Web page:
Why does low E on guitar sound so different to the same note on bass guitar?

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KVRAF
2275 posts since 13 Jun, 2008 from Napier,New Zealand

Post Thu Mar 11, 2021 2:14 pm

I only recently found out low E on a bass is only 1 octave below low E on a guitar, meaning on bass second fret on D is the same note in the same octave as low E on guitar... So why do they sound so different?
I can't find an easy answer. It's obvious that a bass guitar has sub content that a regular guitar doesn't.

Sorry to sound like a noob, I have actually been playing for 25 years... so I'm not actually a noob. :hihi: I just want to delve into the science of what can make the same note "bass" or "not bass".

KVRAF
3344 posts since 21 Mar, 2020 from Gothenburg, Sweden

Post Thu Mar 11, 2021 2:17 pm

Thicker strings I presume.
Sad about tomorrow
Sorry, but it's not my fault

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KVRian
553 posts since 20 Oct, 2018

Post Thu Mar 11, 2021 2:35 pm

I think a bass string vibration in a certain frequency runs out of energy much faster because of its thickness.
A guitarstring keeps vibrating for much longer and thus produce a more energy rich sound.

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Boss Lovin' DR
7784 posts since 15 Mar, 2002 from the grimness of yorkshire

Post Thu Mar 11, 2021 2:41 pm

Saffran wrote: ↑
Thu Mar 11, 2021 2:35 pm
I think a bass string vibration in a certain frequency runs out of energy much faster because of its thickness.
A guitarstring keeps vibrating for much longer and thus produce a more energy rich sound.
Hmm, I would have thought the opposite; The tension on an A string on a standard bass will be round about twice that for the E on a guitar, given the thicker strings and longer scale. More energy to be released then and it vibrates for longer. I think.... :scared:

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addled muppet weed
76872 posts since 26 Jan, 2003 from through the looking glass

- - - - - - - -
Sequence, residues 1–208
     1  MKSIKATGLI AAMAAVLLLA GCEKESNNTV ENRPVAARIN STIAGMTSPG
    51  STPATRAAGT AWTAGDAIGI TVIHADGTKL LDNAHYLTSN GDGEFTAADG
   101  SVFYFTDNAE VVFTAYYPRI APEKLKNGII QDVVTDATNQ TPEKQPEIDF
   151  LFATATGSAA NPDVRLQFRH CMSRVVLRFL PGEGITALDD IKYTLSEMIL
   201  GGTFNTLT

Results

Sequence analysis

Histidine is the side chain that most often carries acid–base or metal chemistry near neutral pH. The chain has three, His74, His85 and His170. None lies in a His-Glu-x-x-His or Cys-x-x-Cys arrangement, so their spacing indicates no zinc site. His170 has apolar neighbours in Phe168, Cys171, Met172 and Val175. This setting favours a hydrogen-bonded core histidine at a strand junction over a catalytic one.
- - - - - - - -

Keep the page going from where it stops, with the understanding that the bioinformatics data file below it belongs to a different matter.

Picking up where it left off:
Post Thu Mar 11, 2021 2:46 pm

same note on one of your bottom 3 (the thick ones) compared to the same note on the g string sounds different.

as mentioned above, the thicker strings, although producing the same frequency, have a different timbre.

weirdly, same thing happens when you inhale helium. it's the timbre that changes, but we often perceive it as a frequency shift :shrug:
this happens because the helium doesn't alter the length of the vocal chords, but chills them, so they vibrate different but not higher? bloody physics.
i should be able to explain this better, im beginning to think i fluked my degree :o

KVRist
471 posts since 17 Nov, 2015 from Dawson Creek

Post Thu Mar 11, 2021 2:47 pm

an-electric-heart wrote: ↑
Thu Mar 11, 2021 2:14 pm
I only recently found out low E on a bass is only 1 octave below low E on a guitar, meaning on bass second fret on D is the same note in the same octave as low E on guitar... So why do they sound so different?
I can't find an easy answer. It's obvious that a bass guitar has sub content that a regular guitar doesn't.

Sorry to sound like a noob, I have actually been playing for 25 years... so I'm not actually a noob. :hihi: I just want to delve into the science of what can make the same note "bass" or "not bass".
as long as you able to hear the difference, no need to dive deeper^^- its a good sign tbh. some folks dont hear hear any difference. or at least they dont care to hear one.
its somehow like the difference between an empty string and the same note on the 5th fret. its all a combination of the stringtension, the string thickness and how the string is plucked. it all matters and sums up for the timbre at the end. ask coders of physical modeling synths about it ^^

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Boss Lovin' DR
7784 posts since 15 Mar, 2002 from the grimness of yorkshire

Post Thu Mar 11, 2021 2:51 pm